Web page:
When Louis danced as Apollo during a 13-hour performance of Ballet Royal de la Nuit in 1653 he was a teenager. Yet the strength of his conviction would project French civilization into Russia, where Marius Petipa would lead the Imperial Ballet, and fuse the art to the Russian soul when producer Sergei Diaghilev would open the Ballets Russes in Paris.
If you saw Natalie Portman in the 2010 film Black Swan, it was because Petipa and Lev Ivanov revived Swan Lake in 1895.
“The ballet, formed in the 17th century, shaped a whole new set of physical behavior for the nobility,” Zaks said. Graceful and quick, he quickly mimics how peasants used to walk during those years, dragging their feet as if carrying a sack of grain – then assumes an erect posture like a soldier with a medals-laden chest – at this point he quickly goes through the five basic ballet stands to present how the nobility aspired to be.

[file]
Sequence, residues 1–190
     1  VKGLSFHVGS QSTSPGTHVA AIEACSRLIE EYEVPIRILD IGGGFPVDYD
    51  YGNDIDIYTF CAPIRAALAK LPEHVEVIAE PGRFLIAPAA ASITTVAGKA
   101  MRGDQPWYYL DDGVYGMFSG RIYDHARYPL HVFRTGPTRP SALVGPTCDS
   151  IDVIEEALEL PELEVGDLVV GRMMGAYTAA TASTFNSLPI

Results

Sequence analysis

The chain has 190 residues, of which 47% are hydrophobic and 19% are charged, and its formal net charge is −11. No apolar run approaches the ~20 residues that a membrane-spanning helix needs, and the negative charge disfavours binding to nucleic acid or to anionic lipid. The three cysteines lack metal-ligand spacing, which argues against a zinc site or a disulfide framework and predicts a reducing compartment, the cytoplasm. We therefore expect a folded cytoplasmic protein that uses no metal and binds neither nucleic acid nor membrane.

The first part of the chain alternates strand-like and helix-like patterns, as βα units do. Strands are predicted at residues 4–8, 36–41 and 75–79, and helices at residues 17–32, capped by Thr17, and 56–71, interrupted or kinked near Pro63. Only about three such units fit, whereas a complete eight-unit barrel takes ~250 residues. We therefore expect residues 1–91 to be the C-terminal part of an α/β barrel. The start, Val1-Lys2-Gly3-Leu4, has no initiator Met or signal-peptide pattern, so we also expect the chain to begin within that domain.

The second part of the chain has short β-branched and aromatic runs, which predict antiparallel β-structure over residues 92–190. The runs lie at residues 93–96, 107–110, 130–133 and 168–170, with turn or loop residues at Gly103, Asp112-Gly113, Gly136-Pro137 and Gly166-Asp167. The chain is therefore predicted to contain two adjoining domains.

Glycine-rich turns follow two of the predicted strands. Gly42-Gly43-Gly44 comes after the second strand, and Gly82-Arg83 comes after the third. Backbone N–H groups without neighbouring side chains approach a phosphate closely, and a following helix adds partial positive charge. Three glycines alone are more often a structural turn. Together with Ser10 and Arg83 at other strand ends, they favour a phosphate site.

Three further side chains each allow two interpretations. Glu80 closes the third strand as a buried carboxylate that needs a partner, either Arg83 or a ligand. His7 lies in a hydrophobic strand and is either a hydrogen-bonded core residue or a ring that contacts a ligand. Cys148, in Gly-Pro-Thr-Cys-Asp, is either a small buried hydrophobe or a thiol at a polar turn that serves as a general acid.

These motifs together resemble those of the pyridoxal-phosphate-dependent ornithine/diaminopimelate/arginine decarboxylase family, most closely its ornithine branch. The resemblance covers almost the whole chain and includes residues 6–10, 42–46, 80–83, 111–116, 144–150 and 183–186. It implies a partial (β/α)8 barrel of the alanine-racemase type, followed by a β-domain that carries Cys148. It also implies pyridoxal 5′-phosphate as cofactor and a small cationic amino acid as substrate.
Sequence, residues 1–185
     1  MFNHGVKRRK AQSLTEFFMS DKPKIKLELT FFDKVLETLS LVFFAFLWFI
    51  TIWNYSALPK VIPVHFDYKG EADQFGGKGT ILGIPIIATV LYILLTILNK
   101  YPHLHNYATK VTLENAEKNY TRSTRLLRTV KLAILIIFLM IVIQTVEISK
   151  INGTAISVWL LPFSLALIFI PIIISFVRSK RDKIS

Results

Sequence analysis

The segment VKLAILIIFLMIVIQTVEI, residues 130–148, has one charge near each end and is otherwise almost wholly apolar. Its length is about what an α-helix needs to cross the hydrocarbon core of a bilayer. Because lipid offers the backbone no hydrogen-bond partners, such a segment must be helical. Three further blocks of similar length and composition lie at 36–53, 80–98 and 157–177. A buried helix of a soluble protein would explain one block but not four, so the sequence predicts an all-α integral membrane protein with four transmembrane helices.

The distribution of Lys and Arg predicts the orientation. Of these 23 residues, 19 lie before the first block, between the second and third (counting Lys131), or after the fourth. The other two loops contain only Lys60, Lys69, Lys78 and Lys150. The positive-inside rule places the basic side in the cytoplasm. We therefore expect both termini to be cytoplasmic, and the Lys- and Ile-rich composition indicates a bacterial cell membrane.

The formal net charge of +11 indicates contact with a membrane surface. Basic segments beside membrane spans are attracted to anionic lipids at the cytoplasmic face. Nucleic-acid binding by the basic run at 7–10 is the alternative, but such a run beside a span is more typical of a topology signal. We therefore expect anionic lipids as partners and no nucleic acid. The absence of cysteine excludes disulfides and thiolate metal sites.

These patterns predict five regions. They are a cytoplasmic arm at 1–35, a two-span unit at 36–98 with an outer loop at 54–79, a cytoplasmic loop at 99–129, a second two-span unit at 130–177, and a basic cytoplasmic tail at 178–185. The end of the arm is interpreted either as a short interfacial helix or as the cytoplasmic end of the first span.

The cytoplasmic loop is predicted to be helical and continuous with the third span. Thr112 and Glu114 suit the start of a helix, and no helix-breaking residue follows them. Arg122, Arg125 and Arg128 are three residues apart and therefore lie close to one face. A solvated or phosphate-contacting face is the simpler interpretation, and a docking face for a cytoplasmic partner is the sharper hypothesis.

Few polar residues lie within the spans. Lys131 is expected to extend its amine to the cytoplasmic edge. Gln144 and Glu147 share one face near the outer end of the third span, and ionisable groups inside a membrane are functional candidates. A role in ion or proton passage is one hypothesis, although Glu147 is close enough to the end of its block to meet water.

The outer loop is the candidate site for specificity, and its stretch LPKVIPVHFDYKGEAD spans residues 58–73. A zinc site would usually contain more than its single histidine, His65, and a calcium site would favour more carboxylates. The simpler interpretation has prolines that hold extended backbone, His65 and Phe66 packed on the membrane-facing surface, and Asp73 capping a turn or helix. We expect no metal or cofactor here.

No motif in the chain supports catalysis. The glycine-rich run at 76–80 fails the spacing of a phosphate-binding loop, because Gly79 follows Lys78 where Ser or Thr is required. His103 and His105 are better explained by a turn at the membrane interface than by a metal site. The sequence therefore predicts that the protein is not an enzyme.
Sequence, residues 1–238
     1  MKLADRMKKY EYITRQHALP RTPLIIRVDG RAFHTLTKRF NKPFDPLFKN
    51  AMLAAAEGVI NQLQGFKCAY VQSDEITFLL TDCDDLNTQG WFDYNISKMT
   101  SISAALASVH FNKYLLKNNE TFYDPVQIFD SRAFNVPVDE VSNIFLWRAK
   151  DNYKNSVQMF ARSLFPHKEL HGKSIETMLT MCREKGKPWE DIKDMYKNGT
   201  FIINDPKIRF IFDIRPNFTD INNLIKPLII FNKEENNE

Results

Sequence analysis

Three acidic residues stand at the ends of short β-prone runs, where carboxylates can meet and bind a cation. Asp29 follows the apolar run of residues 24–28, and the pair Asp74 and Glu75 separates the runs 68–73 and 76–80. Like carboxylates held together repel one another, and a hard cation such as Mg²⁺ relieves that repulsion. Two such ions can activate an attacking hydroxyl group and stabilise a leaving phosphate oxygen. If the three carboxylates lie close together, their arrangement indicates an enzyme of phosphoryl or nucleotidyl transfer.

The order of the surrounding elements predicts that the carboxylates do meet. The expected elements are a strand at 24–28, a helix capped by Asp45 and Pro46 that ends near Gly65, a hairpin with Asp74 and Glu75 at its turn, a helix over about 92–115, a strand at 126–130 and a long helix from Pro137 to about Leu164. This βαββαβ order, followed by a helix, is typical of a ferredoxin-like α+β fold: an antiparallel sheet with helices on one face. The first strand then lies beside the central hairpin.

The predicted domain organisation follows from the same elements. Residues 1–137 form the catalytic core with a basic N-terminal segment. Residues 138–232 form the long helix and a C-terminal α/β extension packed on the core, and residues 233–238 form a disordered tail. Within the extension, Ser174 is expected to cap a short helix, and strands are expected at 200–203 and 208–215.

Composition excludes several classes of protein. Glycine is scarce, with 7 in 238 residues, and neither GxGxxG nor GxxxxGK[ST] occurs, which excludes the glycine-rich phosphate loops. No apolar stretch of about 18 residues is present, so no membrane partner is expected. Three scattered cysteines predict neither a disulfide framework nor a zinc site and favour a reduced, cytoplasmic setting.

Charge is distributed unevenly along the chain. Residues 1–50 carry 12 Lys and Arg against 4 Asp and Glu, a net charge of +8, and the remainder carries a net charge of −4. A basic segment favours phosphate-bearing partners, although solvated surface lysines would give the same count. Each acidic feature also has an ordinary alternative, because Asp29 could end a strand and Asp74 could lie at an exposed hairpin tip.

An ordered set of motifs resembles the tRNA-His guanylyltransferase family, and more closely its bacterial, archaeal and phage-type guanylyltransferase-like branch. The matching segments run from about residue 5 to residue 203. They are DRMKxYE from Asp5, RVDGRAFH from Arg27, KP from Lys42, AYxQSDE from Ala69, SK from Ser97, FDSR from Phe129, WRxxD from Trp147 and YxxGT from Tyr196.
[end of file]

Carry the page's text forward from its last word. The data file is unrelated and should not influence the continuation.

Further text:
“The ballet introduced a new ideal of moving in space,” Zaks offered, “a graceful way of movement as well as behavior.”
When Castro took over Cuba in 1959 he invited ballerina Alicia Alonso to show the world the revolution can dance. When Zaks accepted a 1993 invitation by Alonso to visit the island, he became the first Israeli to dance there, alongside his wife, Maria Barrios Zaks.